Critic Consensus: Olive Kitteridge's narrative slow burn enhances fascinating performances -- and a story worthy of its source material.
Olive Kitteridge: Miniseries Photos
Tv Season Info
as Olive Kitteridge
as Henry Kitteridge
as Jack Kennison
as Christopher Kitteridge
as Mrs. Kennison
as Jim O'Casey
as Rachel Coulson
as Kevin Coulson
as Denise Thibodeau
as Henry Thibodeau
as Jerry McCarthy
News & Interviews for Olive Kitteridge: Miniseries
Adapted from the Pulitzer Prize-winning novel, and directed by Lisa Cholodenko... [Olive Kitteridge] is at once bleak and uplifting, entertaining and troubling.
[Frances McDormand's] deft, marvelously matter-of-fact performance suggests she knew just what she was about.
"I've always enjoyed your candor," a catty acquaintance tells Olive. So, likely, will anyone who watches "Olive Kitteridge," which seems sure to be a major player next TV awards season.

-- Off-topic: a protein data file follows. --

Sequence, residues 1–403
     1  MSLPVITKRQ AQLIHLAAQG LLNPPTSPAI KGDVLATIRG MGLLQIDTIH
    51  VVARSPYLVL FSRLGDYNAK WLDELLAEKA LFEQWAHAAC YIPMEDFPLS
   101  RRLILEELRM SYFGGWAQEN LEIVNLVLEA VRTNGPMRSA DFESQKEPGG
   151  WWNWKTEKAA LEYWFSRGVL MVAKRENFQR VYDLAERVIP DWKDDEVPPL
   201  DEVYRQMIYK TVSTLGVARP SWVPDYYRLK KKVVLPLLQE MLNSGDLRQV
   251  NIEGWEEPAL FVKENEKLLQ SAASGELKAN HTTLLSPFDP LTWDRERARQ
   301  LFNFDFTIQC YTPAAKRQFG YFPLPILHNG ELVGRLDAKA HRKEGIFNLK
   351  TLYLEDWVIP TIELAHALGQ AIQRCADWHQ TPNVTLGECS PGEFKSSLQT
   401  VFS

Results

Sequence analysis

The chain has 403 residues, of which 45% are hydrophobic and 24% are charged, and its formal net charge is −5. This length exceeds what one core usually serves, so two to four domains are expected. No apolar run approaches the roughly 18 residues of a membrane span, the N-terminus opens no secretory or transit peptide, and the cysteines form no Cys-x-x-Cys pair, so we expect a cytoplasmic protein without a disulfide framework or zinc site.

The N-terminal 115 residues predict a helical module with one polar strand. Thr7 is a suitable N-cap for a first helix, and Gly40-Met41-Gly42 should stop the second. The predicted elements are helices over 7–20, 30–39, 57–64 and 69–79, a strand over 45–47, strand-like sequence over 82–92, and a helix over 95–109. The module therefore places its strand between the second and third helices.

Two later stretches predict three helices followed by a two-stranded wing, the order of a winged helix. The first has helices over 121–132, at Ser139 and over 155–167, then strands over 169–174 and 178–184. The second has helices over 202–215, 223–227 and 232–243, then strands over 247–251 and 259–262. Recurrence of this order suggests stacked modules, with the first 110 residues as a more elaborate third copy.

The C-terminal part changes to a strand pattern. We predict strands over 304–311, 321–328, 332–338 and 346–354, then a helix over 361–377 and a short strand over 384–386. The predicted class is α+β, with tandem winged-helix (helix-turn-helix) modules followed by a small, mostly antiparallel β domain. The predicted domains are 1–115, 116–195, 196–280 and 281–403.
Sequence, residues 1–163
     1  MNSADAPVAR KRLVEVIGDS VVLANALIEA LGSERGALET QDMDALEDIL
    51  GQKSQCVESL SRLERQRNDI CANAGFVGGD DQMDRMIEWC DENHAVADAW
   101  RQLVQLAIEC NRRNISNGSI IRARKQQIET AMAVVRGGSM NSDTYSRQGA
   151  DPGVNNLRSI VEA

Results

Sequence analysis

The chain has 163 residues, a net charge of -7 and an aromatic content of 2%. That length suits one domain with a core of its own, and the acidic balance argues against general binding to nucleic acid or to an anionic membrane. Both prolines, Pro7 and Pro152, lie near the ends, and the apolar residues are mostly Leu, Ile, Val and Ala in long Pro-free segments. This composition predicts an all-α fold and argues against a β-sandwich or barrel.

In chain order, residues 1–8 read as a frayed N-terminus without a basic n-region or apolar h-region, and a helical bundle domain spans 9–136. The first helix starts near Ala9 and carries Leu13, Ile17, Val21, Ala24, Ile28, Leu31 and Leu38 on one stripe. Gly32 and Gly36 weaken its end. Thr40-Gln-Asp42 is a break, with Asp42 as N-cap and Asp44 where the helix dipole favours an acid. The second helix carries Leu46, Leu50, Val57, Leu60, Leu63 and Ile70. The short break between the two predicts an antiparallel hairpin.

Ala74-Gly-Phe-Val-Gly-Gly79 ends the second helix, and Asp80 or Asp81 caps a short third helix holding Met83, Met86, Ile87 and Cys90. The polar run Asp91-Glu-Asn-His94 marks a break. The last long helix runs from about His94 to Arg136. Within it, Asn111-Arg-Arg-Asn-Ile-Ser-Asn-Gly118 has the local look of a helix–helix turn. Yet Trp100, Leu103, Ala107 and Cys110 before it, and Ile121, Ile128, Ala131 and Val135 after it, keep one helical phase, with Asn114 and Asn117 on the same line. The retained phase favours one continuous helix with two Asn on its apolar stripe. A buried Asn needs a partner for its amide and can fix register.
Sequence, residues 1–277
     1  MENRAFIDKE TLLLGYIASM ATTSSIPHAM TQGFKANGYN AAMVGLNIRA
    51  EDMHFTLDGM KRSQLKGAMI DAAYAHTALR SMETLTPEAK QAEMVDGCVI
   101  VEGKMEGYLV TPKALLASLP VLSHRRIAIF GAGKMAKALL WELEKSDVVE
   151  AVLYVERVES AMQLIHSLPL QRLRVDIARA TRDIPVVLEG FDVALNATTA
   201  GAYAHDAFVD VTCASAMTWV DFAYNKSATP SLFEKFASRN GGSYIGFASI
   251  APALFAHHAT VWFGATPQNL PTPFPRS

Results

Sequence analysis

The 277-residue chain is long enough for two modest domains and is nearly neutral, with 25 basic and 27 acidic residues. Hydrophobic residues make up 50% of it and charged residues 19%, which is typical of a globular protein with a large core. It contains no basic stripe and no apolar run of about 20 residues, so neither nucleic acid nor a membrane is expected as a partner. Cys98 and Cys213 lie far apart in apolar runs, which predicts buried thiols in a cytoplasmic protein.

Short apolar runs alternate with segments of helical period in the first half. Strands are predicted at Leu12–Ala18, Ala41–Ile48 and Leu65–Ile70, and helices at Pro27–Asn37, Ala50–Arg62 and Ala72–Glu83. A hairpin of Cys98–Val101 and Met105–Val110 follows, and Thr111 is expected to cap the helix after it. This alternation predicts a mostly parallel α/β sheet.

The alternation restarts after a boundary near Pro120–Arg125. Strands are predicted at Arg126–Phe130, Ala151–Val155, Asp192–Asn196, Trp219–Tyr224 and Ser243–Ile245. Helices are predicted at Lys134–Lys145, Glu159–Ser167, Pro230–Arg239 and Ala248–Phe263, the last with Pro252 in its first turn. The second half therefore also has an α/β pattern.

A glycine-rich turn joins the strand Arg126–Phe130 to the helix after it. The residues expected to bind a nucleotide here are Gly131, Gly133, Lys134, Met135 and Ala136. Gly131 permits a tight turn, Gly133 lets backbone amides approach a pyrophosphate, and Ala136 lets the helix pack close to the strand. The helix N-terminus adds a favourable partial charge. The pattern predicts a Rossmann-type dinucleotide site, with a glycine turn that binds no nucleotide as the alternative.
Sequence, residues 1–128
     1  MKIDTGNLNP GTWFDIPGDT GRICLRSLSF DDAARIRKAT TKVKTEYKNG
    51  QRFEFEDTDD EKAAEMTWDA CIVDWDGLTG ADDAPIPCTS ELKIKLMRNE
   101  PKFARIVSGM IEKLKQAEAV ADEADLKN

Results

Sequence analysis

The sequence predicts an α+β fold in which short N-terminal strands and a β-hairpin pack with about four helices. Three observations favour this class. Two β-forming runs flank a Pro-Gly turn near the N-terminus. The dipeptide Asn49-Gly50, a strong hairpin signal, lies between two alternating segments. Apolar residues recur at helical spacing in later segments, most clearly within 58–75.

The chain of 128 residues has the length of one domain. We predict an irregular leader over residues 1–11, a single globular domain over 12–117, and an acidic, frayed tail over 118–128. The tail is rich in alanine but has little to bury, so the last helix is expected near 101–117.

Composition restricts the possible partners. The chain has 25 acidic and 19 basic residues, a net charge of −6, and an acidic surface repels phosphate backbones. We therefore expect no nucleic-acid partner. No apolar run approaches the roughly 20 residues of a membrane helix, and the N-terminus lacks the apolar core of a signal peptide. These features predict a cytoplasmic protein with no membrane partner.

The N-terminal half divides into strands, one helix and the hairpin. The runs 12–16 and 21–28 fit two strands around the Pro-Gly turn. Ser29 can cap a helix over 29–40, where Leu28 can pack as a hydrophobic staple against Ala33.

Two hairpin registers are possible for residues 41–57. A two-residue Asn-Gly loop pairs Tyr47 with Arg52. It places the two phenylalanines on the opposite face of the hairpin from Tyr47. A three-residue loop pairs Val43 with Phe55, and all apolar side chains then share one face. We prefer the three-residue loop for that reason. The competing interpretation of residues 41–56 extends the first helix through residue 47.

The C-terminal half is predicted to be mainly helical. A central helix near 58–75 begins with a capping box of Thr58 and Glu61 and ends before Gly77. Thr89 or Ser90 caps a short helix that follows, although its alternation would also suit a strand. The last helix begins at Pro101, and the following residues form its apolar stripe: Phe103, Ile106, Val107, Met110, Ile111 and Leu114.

It's not the visceral whodunnit or controversial biopic that the words "HBO miniseries" might conjure, but "Olive Kitteridge" is an absorbing, deeply intelligent drama that absolutely earns every emotion it elicits.
The problem with "Olive Kitteridge," in which we see the tragedies of village life through Olive's jaundiced perspective, is that it reduces these varieties of disenchantment to the main character's aphoristic "wisdom."
Audience Reviews for Olive Kitteridge: Miniseries
Henry Kitteridge(Richard Jenkins) is a small town pharmcist in Maine where an opening for an assistant due to a sudden death has just occurred. He hires Denise(Zoe Kazan) who his wife Olive(Frances McDormand) takes an instant dislike to, even though Denise has some good ideas to bring in new business. Olive is a schoolteacher who accepts occasional rides to work from her friend and colleague Jim O'Casey(Peter Mullan). "Olive Kitteridge" may be about lives and dreams thwarted(sometimes involving mental illness) and isolation that creates over a period of decades but thankfully the miniseries never becomes a chore to sit through and is actually very engaging throughout. A lot of that has to do with Frances McDormand who is so good in the title role of a difficult if never totally unsympathetic character that it hardly seems like she is acting at times. And then there is Lisa Cholodenko's fluid direction and a running joke involving a lounge pianist. In any case, between this and Steven King novels, Maine does seem like rather a bleak place to live.
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